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Baltimore—Given that many people fail to receive preventive screening for diabetic retinopathy or regular follow-up once diagnosed, telemedicine screening warrants a role in the effort to manage this disease better, according to Alan R. Malouf, MD, FACS. Dr. Malouf spoke at the Current Concepts in Ophthalmology meeting here, sponsored by Johns Hopkins University School of Medicine and Ophthalmology Times.
"Despite our best efforts, it is estimated that 30% to 45% of American adults do not receive recommended eye care to detect and treat diabetic retinopathy," said Dr. Malouf, who is past president of the Maryland Society of Eye Physicians and Surgeons and also a councilor from Maryland to the American Academy of Ophthalmology (AAO). "A well-tolerated method of evaluating the level of diabetic retinopathy yearly is needed so that the appropriate referral can be made."
Many excellent studies have been performed on the effectiveness of remote screening in ophthalmic disorders, with fairly consistent results, said Dr. Malouf, who practices in Bowie, MD. One such article published in 1993 compared clinical examinations with fundus photograph evaluations in detecting diabetic retinopathy. In a population of 1,168 patients with and without diabetes, the frequency of diabetic retinopathy by clinical examination was 7.7%, compared with 8.7% by fundus photograph evaluation.
"Second, we must ensure that the system's performance meets standard, established criteria," he added. This includes observation by a trained professional or an additional field photographic evaluation. Third, technical standards for image handling must be developed, and fourth, there is a need for studies evaluating interpretation of the images.
Other studies include a 2003 report showing that the performance of a fully automated computer digital analysis of images was the same as that of human experts. Another study reported the results of 52 patients whose digital images were remotely screened by a skilled observer. Imaging matched clinical exam diabetic retinopathy levels in 82% and was within one level in 100%.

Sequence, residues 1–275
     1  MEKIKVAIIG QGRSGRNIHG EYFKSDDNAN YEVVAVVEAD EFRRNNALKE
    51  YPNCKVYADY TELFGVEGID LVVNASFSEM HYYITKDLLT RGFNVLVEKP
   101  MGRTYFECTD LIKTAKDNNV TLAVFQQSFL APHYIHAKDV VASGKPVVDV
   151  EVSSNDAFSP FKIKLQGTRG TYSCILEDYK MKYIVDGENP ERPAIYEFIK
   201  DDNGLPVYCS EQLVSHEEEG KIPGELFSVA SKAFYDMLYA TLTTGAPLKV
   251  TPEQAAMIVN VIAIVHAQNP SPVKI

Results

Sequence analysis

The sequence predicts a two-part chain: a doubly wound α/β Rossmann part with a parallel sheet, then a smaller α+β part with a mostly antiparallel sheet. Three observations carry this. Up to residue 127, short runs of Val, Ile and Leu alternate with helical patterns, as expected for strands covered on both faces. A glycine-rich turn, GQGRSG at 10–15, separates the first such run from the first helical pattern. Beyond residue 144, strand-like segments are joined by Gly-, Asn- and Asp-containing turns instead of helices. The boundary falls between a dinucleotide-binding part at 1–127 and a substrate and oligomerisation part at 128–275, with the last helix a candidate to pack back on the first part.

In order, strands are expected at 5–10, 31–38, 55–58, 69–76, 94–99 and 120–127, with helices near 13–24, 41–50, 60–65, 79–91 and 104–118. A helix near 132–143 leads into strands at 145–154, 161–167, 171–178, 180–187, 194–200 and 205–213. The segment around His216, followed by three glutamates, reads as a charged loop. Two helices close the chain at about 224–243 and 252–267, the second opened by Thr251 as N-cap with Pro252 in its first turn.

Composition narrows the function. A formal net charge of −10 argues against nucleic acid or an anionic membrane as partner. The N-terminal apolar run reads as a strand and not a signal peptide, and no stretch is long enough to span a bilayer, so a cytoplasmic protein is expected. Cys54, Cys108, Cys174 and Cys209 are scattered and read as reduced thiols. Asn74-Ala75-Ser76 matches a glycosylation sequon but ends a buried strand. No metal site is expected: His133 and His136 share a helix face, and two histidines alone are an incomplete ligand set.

Dr. Malouf also cited a study of a cluster of 19 patients digitally screened in which observers found that 59% had at least one nondiabetic ocular finding of a severity necessitating referral.
"The validity of digital teleimaging is therefore well established and indisputable," Dr. Malouf said. "Does that mean we can relegate responsibility of diabetic evaluation to reading centers? Is this an adequate examination for our patients with diabetes?
"What do our patients gain? At least they get screened," he continued, noting that insurance and HEDIS data suggest that the current system could be better.
Proposing potentially negative aspects of telemedicine screening, Dr. Malouf wondered whether patients lose anything if they do not have personal contact with an ophthalmologist or optometrist, or whether telescreening is also appropriate for conditions such as cytomegalovirus retinitis.
In light of favorable studies of telemedicine screening, the Maryland Society of Eye Physicians and Surgeons recently submitted a recommendation to the AAO calling for development of a detailed position paper on telemedicine for screening of diabetic retinopathy using the DigiScope (a highly specialized digital camera) or other similar devices. Such an initiative should explore the risks and benefits of this screening methodology as well as the potential monetary ramifications, Dr. Malouf said.
The AAO's ophthalmic practice group agreed that the AAO should develop a stand-alone statement on use of the DigiScope and/or telemedicine to screen patients for diabetic retinopathy while noting that this approach would not replace a comprehensive eye evaluation by an ophthalmologist.
"The answer to the question 'is telemedicine screening for diabetic retinopathy good for our patients?' is yes. Is a face-to-face examination even better? Sure. But at least 40% of our diabetic patients never see our face," Dr. Malouf concluded.